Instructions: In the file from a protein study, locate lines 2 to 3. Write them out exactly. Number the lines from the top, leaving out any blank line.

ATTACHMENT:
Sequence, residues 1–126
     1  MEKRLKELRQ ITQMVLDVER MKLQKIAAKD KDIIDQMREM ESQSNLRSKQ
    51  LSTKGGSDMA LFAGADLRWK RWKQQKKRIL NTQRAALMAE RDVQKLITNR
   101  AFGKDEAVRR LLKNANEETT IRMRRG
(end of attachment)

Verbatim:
     1  MEKRLKELRQ ITQMVLDVER MKLQKIAAKD KDIIDQMREM ESQSNLRSKQ
    51  LSTKGGSDMA LFAGADLRWK RWKQQKKRIL NTQRAALMAE RDVQKLITNR